When patients understand why bone grafts are needed, the case acceptance rates improves dramatically. Patients must have a firm understanding of the procedure and reasoning behind procedures to reduce their reluctance to proceed. Understanding that creating the ideal foundation for implants improves dental implant success, longevity, function and greatly reduces post-implant complications, motivates patients not to compromise their dental implant treatment plan. Therefore, dentist and specialist must take their time to explain not only the procedure but the reasoning behind bone grafting for dental implants.

Source by W. B. Bohannan DDS, M.D.


What is the Purpose of Bone Grafting?

For patients that are seeking out dental implants, they may go to the dentist and hear that they are going to have to have to undergo bone grafting before they are able to have their dental implants placed. The obvious questions that follow involve what bone grafting is and the purpose of bone grafting.

What Is Grafting?

Bone Grafting is the procedure of adding bone to an area of the mouth where it is missing. It can be used in any area of the mouth where it is needed. When adding it to a patient’s mouth, the dentist will use one of three types of bone: autogenous, allograft, or alloplasts. Autogenous bone belongs to the patient receiving it. Allograft bone refers to a donor and alloplasts are synthetic substitutes. The dentist may use a combination of the above as well.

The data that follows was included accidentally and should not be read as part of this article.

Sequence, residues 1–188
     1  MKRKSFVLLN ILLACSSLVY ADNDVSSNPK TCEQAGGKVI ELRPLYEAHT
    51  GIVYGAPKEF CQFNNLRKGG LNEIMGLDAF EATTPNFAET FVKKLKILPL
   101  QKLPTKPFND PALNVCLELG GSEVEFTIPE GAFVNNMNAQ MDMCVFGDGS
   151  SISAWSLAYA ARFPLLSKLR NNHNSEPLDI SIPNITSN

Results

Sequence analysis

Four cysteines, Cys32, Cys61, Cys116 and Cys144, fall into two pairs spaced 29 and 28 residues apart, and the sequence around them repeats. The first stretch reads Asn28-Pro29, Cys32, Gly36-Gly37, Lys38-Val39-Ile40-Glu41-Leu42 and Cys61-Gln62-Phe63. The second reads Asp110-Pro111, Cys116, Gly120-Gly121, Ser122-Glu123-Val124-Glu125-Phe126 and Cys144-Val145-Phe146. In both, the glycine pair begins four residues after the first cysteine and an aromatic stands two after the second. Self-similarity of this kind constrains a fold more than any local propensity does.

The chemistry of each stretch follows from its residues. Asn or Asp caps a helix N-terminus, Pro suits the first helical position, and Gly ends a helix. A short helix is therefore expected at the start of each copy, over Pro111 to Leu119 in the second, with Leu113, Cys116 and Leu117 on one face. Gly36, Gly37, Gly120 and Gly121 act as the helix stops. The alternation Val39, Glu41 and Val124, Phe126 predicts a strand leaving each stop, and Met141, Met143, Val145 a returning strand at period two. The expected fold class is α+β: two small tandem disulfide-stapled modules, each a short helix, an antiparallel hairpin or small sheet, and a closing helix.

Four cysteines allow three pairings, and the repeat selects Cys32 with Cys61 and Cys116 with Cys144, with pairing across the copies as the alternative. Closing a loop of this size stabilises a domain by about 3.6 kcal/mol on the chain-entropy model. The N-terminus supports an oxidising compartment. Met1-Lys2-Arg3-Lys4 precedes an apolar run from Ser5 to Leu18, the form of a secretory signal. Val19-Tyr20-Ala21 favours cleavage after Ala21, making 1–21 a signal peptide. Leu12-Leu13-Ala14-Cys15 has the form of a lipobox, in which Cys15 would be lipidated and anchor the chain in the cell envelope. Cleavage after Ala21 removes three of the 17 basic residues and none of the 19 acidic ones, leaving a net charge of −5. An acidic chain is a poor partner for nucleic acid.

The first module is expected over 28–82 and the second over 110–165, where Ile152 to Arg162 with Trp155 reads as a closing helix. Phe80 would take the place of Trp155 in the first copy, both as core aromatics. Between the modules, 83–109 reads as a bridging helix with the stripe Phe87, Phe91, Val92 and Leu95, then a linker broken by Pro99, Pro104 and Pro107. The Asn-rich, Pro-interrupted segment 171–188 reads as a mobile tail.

In conjunction with the bone, the dentist may add PRP, a healing agent that comes from your blood and is accessed through the IV. The area will be closed off with either artificial collagen or donor membrane.

Why Is It Performed?

Bone grafting is performed for two reasons: to create enough bone for dental implants or to fill out deterioration under the gums. Bone creation is often needed when a patient has been without teeth for a while or for another reason has lost bone in the area where the implant will be placed. The dental implant will need the bone in order to hold it in place. If the bone grafting is to fill out the bone alone, the reason is generally cosmetic or for gum contour reasons.

Time Frame